Monday, June 7, 2010

Protestants and Atheists

One thing I have noticed over and over again is the parallels between the conversations Catholics have with protestants and the ones they have with atheists.  Newman talked about atheism simply being a more extreme form of protestantism. That they have gone down the same road. Just the atheist has gone down it further. He rejects more of God's revelation and substitutes more of his own ad hoc assertions. Both value truth and reason. That is why you can have arguments with them. They think their position is rational and true and they are willing to try and prove yours is not. That is different from the popular SBNR (spiritual but not religious) crowd. They could not care less about truth or reason. They are just about experience. So we have quite a bit in common with both atheists and protestants in that we have not given up on the idea of our intellect seeking truth.

But where do these arguments go? There are a few common areas. First of all, we go to history. For atheists we try and show the first Christians had good, rational reason to be Christian. For protestants we try and show the first Catholics had good, rational reason to be Catholic. Now most atheists don't think Jesus believed about Himself the things that Christians believe about him. Namely that He is God and He came to save sinners and He demands absolute obedience from every person. If they believed that they would be caught in the liar, lunatic, lord trilemma that CS Lewis posed. So they assert that modern Christology was invented by somebody sometime after Jesus. Never mind who or how or when. Just assert it must have happened because I don't want to believe the alternative.

Similarly, most protestants don't believe the first Catholics believed things about the church that Catholics believe about her today. Namely that she is the visible body of Christ, that she is protected from error by the Holy Spirit, that she has legitimate authority from God that we are to obey. So they assert modern Catholicism was invented by somebody sometime after Pentecost. Never mind who or how or when. Just assert it must have happened because I don't want to believe the alternative.

Then there is the moral argument. Essentially saying that their system allows people to simply disagree with any morality that might flow from it. That can create a dangerous trend towards gradual moral decay. They argue that they are moral people and they don't see how one could logically question basic morality. But they won't address the question directly about what could be done if somebody does. If you have an atheist like Adolf Hitler or a protestant like David Koresh what reason is there to say they are wrong? Are all opinions equal or do we have an objective standard to declare some moral codes to be inadequate? These arguments are always hard because people don't understand the difference between something being objectively wrong and something being wrong in their opinion. Both atheists and protestants have themselves as the center of their thinking and have trouble reasoning from any other perspective.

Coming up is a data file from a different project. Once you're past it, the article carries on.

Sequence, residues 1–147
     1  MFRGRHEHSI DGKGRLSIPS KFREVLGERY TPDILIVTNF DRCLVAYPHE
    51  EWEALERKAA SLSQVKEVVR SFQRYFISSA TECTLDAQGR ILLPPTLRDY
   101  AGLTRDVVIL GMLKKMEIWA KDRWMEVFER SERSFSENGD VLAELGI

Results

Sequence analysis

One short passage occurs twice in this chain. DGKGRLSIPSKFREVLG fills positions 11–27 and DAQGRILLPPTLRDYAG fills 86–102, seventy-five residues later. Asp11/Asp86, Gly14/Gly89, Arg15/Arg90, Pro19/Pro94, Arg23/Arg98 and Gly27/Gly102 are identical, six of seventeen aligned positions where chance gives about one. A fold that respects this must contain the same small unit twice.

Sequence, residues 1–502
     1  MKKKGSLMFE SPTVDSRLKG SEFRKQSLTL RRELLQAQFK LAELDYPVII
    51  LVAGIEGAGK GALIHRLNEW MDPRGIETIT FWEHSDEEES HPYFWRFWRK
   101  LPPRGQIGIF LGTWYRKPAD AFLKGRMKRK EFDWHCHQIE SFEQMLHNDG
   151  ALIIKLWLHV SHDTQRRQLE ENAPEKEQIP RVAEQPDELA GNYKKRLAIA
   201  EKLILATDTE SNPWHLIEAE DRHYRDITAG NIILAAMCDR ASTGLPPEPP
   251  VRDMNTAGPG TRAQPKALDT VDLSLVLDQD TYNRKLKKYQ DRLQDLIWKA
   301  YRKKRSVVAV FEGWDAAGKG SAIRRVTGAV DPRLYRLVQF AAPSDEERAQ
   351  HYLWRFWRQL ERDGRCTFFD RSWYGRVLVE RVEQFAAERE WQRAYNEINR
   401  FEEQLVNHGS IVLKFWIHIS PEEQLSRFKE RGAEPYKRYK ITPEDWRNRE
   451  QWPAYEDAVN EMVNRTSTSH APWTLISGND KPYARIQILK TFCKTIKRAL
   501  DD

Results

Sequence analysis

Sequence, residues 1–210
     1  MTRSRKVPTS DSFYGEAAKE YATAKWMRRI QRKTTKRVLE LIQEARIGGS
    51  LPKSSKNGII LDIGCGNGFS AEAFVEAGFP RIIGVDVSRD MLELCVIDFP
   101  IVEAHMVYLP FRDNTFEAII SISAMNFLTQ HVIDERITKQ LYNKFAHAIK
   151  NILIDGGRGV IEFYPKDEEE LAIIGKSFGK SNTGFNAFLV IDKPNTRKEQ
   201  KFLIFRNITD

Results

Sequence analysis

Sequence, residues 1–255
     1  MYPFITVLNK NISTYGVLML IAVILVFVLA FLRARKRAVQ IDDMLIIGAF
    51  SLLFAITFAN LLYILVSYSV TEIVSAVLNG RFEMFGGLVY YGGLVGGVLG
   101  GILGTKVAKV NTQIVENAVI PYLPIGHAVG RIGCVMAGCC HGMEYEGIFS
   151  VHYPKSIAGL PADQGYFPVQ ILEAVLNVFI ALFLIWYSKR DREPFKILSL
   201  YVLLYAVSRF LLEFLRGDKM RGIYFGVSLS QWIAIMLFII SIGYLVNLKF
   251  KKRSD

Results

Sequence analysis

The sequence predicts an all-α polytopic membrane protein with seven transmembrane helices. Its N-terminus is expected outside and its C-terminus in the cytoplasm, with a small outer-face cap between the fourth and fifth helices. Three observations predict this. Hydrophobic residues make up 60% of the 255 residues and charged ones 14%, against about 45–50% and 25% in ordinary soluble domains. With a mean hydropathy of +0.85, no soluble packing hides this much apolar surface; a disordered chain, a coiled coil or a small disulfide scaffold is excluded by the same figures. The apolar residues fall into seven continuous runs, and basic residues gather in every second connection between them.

There is also talk about atheism and Protestantism being unworkable. This is a combination of history and morals. What has happened to protestant communities? What has happened to atheist regimes? There is a huge double standard here. Catholics are chastised for not delivering utopia. All the standard sins are repeated ad nauseum. Galileo, the crusades, the inquisition, the priest abuse scandal, etc. Never mind about whether atheists or protestants have done better because they haven't. Just throw mud and maybe nobody will notice your system has never worked. Sure it works for individuals to justify what they want to justify. But as a long term foundation for society these belief systems have failed frequently.

Now the biggest problem with Protestantism is schism. The biggest problem with atheism is genocide. Even though the logic is parallel it is important to note that genocide is a much worse problem than schism. Atheism not only ends up in a worse spot but in generally gets there quicker. Atheist regimes generally need very few years before they start filling up internment camps. Protestants often need decades before they start to experience schism.

The parallels continue but I am starting to get a bit long. The point is that the fights between protestants and atheists can confuse us. We tend to think of them as two different beasts. Worse yet, we let protestants handle the atheists and we focus exclusively on protestants. Atheists see themselves as the new protesters. If getting rid of the church was progress then getting rid of the bible is more progress. They see the hypocrisy in protestants objecting to one and embracing the other.

No comments:

Post a Comment